This post has been updated to include follow-up statements from former Mayor Michael Nutter and City Controller Alan Butkovitz.
A $50,000 visit to the Courtyard Marriott, $704 for a month of Uber rides and $80 pair of shoes from Macy’s are among more than $140,000 in expenses from the Mayor’s Fund for Philadelphia now being scrutinized by the City Controller’s Office.
According to City Controller Alan Butkovitz, Desiree Peterkin Bell, the former chair of the Reserves Account of the Mayor’s Fund and former City Representative and mayoral spokesperson, dodged approval processes for spending on things like hotel stays and meals. The purpose of the account, funded by proceeds from the Philadelphia Marathon, is to allocate grants. At a news conference Tuesday, Butkovitz said there is no evidence that anyone else was involved in approving the expenses.
“It appears the former chairperson used the Reserves Account as if it were a special slush fund,” Butkovitz wrote. “There were no supporting invoices or explanation as to the nature and purpose of these charges.”
In a statement she emailed from her vacation, Peterkin Bell denied Butkovitz’s accusation that spending was not monitored:
The Fund established a process by which expenditures were closely scrutinized to ensure that they met the criteria established by the Fund, which were, broadly stated, that the purpose of expenditures was to fit within Mayor Nutter’s five goals. The Fund’s Executive Director, Ashley Del Bianco, signed off on expenditures to indicate her approval that all criteria had been met. Ms. Del Bianco signed off on all of the expenditures made by the Fund, including those listed by the Controller. I was the only African-American female in the country to have served as the Race Director of a major marathon and was proud to lead a team that worked tirelessly to improve the financial standing of the Marathon by securing a Title Sponsor. I find curious both the timing of the Controller’s report on the heels of questions by the FBI about “[IBEW’s] support of [Mayor] Kenney’s mayoral campaign,” and the Controller’s failure, contrary to his office’s own practice, to give me the opportunity to review the preliminary report or to correct its mistaken assumptions.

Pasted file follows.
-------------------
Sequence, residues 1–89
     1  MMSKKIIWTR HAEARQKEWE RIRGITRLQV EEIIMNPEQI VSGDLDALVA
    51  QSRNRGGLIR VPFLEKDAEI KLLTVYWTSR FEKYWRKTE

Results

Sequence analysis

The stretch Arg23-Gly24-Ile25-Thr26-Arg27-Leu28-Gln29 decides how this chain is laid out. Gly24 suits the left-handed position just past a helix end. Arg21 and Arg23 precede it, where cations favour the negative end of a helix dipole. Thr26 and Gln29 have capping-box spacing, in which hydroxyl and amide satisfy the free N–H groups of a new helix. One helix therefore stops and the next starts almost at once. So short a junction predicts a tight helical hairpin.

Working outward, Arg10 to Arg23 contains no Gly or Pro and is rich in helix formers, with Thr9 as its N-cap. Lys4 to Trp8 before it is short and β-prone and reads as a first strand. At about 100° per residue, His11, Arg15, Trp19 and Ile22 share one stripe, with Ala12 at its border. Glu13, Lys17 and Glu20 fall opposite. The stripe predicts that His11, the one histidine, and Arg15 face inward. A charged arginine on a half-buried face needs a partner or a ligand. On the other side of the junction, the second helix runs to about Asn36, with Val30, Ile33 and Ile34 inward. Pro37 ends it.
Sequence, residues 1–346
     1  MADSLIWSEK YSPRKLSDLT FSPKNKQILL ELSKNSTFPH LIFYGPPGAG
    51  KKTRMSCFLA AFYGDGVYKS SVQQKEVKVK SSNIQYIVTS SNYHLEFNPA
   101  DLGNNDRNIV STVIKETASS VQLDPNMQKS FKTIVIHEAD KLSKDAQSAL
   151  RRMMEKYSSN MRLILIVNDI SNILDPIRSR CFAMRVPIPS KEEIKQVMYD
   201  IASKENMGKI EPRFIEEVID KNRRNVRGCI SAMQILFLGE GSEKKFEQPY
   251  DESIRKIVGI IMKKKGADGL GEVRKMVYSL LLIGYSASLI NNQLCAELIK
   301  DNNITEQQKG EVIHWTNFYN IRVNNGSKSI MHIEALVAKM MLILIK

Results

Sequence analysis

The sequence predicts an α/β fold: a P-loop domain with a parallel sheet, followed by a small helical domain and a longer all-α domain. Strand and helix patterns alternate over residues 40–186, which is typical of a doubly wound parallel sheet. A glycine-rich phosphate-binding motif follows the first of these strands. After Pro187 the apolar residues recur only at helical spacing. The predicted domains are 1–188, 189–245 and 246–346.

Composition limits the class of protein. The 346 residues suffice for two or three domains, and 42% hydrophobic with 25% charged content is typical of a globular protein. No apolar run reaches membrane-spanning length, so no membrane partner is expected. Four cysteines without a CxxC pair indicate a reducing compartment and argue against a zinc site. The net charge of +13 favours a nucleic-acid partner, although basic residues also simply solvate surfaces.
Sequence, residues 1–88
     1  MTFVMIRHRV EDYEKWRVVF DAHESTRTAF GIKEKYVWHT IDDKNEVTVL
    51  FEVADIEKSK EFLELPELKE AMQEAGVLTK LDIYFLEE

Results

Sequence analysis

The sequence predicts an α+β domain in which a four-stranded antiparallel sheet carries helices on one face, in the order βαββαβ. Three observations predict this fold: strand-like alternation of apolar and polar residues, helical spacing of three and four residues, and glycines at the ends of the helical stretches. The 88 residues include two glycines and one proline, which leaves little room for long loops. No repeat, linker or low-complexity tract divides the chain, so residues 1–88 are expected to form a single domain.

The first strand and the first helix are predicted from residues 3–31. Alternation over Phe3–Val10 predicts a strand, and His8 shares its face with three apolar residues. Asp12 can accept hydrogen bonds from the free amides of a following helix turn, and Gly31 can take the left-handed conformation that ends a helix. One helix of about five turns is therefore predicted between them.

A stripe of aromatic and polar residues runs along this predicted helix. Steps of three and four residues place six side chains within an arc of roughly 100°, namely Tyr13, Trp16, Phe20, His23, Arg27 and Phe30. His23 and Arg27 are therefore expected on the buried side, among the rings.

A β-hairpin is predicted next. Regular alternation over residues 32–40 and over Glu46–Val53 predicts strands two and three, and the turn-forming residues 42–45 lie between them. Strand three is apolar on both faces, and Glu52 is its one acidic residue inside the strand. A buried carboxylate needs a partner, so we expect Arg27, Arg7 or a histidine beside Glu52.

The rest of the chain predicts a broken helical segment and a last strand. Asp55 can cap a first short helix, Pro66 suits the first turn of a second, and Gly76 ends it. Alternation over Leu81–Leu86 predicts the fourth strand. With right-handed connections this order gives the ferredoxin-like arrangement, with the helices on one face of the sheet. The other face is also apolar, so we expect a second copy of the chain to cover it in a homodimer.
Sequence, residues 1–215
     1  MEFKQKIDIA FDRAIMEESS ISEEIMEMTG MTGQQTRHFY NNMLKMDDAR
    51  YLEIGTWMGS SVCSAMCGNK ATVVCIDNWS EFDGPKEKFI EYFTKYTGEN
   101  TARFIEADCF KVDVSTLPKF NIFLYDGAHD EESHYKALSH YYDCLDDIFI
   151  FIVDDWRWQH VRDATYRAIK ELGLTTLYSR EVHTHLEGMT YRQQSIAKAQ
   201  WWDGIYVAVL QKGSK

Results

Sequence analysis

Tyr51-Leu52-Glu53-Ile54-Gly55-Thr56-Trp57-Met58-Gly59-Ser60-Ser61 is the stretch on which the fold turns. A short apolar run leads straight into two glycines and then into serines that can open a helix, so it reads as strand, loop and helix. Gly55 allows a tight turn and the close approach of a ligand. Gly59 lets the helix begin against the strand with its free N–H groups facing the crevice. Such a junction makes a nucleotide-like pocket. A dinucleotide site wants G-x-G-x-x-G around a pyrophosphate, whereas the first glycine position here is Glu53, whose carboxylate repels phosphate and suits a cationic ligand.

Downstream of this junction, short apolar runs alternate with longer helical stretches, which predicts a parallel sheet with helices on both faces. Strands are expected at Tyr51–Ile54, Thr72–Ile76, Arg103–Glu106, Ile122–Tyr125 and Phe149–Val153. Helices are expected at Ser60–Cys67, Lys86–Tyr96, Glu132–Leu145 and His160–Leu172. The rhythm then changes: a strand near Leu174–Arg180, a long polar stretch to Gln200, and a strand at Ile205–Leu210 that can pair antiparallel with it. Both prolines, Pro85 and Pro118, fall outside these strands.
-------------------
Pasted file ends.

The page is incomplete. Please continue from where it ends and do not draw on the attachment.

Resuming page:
Former Mayor Michael Nutter backed up Peterkin-Bell’s assertion and called Butkovitz’s report a “hatchet job” and a “sad and sick person.”
“All expenditures were approved by the Board’s Finance Committee, and the Executive Director in accordance the established procedures,” he said in a statement. Nutter continued…
“Funds cannot be spent without the Executive Director’s approval, and the Board Chair cannot expend funds. This is the usual hatchet attack job by Butkovitz, timed to try to get some attention for himself while the FBI is diligently doing their job in other matters in Philadelphia. The Controller is a liar, a snake and a hypocrite. There is no truth in what he says, every expenditure was proper and for an approved purpose and he never talked to either Desiree Peterkin-Bell or myself about any concerns, which is standard procedure, before releasing this slanderous, libelous and vicious bile from his mouth. He is a sad and sick person.”
Del Bianco did not respond to a request for comment, but Butkovitz did follow up after Nutter released his statement, calling it a “non-substantive response.”
“These purchases were not approved by the Board and there was no evidence or proof to support these charges,” Butkovitz said. “More importantly, this was money that belonged to the Fund for Philadelphia to benefit all Philadelphians, not just a select few who had access to it.”
The lack of receipts or records becomes even more complicated considering the $45,000 spent on a June 2015 trip to Rome — which was, yes, one of Mayor Michael Nutter’s trips to recruit Pope Francis to come to the World Meeting of Families in Philly. Funding sources for the trip were murky from the beginning and never exactly cleared up, which Butkovitz pointed out.
“I did say what I think everyone in the room knows, which is that all of you were working very hard a year ago to track down every shred of information about the papal visit, and you were all stonewalled,” he said.
The greatest detail about financing for the trip came from the Inquirer in June 2015, which reported a statement from Peterkin Bell saying that taxpayer money was not funding the trip, without specifying where the money was coming from.
Seems like the Controller’s Office has found out where.
The investigation began in January, when Butkovitz says Del Bianco reported her concerns about questionable spending to the City Controller’s Office. The Controller’s Office sampled 21 individual expenditures and found that only five of them were related to grants.
Although the Mayor’s Fund for Philadelphia has existed since 1979 (it began as the Council for Progress but changed names in 1984), it was Nutter’s administration that divided the money for grants into two separate accounts: the Marathon Grant fund and the Marathon Reserves fund. Butkovitz described the Grant fund as geared toward advancing the five main priorities of the fund, with the Reserve fund going toward “anything else.”
The investigation gets complicated because the Mayor’s Fund is a nonprofit amalgam of public and private money and administration — the board members that oversee operations are mayor-appointed, and they appoint the chairperson. In this case, Butkovitz said that the board members were not aware of the nature of the Reserves expenditures because Peterkin Bell was not reporting them or getting approval.
Butkovitz gave no timeline for what happens next.